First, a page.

Does Task Force represent students?

To the Editor:
Without a doubt, the proposal to change the fight song has definitely stirred emotions on campus and among alumni. It all began when the "Diversity Task Force set out to find ways to make our community more inclusive, and our student body more aware and accepting of differences." At the behest of the student representatives on the Diversity Task Force, the fight song change was one of the many Task Force proposals.
Yes, the response was almost unanimously reactionary. It may well also have included "insults and hateful threats," although I saw no indication of that in The Technique. The nature of the response is most certainly newsworthy. It begs the question, "Who does the Diversity Task Force work for?" With a reported student representation of six out of nineteen total Task Force Members, are our concerns as students being accurately represented?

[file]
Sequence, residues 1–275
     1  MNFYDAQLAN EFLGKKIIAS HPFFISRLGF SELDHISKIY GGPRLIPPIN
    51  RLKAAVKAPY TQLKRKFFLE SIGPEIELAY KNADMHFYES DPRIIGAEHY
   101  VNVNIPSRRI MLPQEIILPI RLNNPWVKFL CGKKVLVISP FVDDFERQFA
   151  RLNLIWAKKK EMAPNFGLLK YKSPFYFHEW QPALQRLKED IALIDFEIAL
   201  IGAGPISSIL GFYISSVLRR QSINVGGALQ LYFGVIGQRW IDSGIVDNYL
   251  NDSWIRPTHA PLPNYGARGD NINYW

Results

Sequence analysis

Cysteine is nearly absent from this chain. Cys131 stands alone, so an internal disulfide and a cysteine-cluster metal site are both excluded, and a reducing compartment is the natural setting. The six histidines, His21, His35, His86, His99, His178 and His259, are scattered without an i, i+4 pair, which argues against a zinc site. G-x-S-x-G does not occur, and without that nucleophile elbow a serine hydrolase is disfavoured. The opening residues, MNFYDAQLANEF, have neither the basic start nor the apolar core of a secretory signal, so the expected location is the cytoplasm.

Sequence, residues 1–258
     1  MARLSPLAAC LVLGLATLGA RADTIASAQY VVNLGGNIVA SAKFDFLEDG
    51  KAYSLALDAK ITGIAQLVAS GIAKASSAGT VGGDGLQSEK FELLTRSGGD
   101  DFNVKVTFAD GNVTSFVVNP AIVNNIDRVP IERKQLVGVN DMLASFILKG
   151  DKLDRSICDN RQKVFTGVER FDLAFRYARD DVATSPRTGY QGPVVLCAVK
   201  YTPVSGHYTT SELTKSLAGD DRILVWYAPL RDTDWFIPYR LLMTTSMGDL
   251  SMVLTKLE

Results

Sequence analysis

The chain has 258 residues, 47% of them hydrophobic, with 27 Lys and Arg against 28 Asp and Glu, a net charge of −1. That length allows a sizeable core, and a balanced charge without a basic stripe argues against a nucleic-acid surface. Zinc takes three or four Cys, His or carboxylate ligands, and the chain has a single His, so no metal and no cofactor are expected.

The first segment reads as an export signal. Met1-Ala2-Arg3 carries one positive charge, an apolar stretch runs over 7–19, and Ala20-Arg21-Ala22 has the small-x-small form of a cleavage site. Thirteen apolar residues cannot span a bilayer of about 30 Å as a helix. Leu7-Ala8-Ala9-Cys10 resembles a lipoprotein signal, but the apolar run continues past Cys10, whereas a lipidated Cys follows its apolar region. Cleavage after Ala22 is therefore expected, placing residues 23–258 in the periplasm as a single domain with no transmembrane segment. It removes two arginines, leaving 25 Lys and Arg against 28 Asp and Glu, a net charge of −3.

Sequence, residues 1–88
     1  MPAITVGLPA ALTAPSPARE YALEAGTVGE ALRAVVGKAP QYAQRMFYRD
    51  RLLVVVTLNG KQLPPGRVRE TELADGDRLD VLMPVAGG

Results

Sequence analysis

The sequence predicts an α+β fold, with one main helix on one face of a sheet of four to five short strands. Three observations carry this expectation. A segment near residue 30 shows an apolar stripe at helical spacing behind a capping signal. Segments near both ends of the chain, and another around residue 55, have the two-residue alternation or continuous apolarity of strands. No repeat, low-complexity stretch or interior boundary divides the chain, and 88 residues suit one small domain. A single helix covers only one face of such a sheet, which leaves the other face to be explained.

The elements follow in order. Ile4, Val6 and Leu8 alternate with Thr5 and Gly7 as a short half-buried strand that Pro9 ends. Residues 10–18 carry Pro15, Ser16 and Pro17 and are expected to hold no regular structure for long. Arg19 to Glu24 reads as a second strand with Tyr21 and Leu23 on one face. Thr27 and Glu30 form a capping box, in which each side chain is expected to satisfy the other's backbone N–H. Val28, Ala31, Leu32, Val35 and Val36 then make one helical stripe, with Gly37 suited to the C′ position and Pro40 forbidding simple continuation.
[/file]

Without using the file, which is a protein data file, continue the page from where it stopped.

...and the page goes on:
A letter to the Editor published last week stated that the student response had "tainted the hard work of the Diversity Task Force." Judging by this reactionary response, the hard work of the Diversity Task Force would not have been tainted had it been put towards a cause that actually reflected the sentiments of the student body.
Perceptions should not become so distorted to the point where student organizations are allowed to balk at the views and opinions of the students that these organizations are chartered to serve. The emphatic response of the student body should be taken for what it is: an adamant affirmation that every student and alumni would toast a drink to their credentials as an engineer.

Anthony M. Godfrey

Copyright © 1998 by Gregory S. Scherrer, Editor and by the Student Publications Board

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